New Plan For Central Terminal?

Developer To Outline Ideas Today After Contract Renewal Ruled Out

WBEN Photo/Mike Baggerman

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(WBEN) The chosen developer for  Buffalo's massive mothballed NY Central RR Terminal will provide an update on his plans today after the Central Terminal Restoration Corporation announced earlier this month they would not renew their contract with him

Developer Harry Stinson said at the time he was blindsided by the decision, which came not long after the Central Terminal was turned away as a possible site for a new train station.

A new study will be conducted by June 30 on future uses of the building.

The contract between Stinson and the Terminal ends later this month.

Stinson's early proposals included development of as many as 500 townhouses in the neighborhood surrounding the terminal, with money from those sales being used to fund redevelopment of the terminal site, its concourse, and 17-story office tower.   Built in 1929, the terminal fell into disrepair after Amtrak trains stopped using the facility in 1979.  Much of it is still in need of repair, but the grand concourse has been reborn as an event space.  On May 5, the building's owners-- Central Terminal Restoration Corp. --  announced a contract with Stinson's JSK International will not be renewed when it expires on May 24.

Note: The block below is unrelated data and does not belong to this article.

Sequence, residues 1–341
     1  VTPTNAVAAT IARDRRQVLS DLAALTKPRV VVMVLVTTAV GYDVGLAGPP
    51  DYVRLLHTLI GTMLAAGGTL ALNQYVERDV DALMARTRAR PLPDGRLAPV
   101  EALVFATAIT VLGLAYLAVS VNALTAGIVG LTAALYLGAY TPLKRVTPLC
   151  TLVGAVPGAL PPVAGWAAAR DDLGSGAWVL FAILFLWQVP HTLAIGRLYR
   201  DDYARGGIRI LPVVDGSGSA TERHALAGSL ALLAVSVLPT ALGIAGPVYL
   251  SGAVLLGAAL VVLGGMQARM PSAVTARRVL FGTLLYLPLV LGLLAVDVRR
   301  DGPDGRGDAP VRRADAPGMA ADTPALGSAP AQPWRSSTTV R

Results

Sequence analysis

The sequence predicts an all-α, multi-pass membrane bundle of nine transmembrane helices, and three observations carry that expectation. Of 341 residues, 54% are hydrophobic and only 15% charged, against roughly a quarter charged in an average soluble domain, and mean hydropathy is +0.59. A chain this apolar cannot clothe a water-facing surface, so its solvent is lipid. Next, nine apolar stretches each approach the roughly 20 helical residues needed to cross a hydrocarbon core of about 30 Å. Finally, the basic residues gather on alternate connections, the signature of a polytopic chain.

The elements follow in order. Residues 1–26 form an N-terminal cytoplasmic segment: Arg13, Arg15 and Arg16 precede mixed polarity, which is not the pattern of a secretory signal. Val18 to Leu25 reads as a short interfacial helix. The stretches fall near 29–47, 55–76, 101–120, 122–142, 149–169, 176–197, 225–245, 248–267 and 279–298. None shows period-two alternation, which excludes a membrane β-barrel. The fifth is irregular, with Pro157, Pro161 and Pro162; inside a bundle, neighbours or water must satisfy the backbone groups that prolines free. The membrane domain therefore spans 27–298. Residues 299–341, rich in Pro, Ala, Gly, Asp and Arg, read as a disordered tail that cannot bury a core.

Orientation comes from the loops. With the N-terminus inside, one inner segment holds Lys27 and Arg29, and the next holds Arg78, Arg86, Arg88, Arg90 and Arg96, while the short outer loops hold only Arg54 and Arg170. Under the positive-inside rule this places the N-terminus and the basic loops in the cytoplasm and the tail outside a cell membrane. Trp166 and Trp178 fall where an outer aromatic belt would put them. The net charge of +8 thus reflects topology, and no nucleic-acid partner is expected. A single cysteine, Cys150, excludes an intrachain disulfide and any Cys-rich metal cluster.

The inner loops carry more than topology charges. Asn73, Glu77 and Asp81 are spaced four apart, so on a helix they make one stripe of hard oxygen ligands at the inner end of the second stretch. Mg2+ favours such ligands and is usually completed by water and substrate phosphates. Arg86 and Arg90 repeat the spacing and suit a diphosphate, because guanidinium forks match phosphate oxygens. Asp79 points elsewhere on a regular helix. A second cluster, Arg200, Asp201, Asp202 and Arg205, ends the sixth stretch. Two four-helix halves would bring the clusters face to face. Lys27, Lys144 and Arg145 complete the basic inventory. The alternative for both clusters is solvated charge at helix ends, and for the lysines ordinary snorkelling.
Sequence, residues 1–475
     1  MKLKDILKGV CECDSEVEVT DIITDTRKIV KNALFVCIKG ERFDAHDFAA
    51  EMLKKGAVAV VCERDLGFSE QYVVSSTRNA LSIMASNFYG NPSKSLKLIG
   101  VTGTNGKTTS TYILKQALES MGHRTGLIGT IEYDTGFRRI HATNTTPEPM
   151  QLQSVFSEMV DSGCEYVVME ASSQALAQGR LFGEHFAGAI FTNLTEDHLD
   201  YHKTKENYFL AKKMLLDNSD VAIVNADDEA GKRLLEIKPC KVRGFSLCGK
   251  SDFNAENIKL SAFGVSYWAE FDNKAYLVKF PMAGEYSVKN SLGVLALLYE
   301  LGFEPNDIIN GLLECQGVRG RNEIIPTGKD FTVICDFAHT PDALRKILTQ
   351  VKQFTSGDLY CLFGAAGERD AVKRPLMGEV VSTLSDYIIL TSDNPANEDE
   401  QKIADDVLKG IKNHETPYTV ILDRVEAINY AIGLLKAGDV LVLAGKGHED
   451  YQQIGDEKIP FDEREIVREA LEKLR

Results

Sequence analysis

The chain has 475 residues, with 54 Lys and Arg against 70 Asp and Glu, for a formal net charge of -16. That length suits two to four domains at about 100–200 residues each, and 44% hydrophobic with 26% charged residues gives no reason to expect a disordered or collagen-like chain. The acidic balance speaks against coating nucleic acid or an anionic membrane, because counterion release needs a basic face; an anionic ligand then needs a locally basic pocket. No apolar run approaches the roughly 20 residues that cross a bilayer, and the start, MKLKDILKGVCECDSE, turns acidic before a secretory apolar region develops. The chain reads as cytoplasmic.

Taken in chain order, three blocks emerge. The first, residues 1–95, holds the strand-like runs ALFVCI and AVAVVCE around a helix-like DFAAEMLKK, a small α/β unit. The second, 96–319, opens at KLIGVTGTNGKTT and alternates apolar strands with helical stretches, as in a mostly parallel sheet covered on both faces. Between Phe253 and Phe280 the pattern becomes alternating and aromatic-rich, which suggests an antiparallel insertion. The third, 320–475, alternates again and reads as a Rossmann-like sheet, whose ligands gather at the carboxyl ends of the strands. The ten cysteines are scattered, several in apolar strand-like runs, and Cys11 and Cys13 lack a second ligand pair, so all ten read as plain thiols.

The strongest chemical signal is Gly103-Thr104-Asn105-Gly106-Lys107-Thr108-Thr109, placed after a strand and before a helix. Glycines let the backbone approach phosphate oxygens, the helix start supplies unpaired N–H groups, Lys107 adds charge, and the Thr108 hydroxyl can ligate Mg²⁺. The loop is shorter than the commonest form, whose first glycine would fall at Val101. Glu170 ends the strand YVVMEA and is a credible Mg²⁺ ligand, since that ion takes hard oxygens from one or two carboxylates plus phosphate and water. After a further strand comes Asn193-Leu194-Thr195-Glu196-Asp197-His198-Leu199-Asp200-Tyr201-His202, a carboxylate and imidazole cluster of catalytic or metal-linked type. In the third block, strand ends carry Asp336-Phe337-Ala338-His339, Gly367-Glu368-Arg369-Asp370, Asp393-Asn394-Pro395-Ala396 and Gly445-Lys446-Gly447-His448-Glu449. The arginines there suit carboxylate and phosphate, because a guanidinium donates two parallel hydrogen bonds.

This comes as the Buffalo Train Station Site Selection Committee last month selected downtown as the location of  Buffalo's new train Amtrak station.

“We would like to thank Harry Stinson and his team for the work they put in over the last 12 months and the passion they have for the Central Terminal,” said Jim Hycner, chairman of the nonprofit board in a statement. “We feel at this time that it’s in the best interest of the building, our members and volunteers and our East Side neighbors to pursue a different direction for the ultimate redevelopment of the Central Terminal.”

Stinson told WBEN he was "blind sided" by the Central Terminal Restoration Corporation's decision to halt the $100 million redevelopment plan.

"As recently as a few weeks ago as part of the train station process, CTRC issued a letter that said we had an agreement in principle," Stinson said. "It was just a matter of finalizing the actual legal documents and the purchase. That was, to our knowledge, the status of it."

Stinson explained that he found out that the agreement would no longer continue through the media and that while he will continue to pursue development in Western New York, he said "this put a cloud over the experience". 

 

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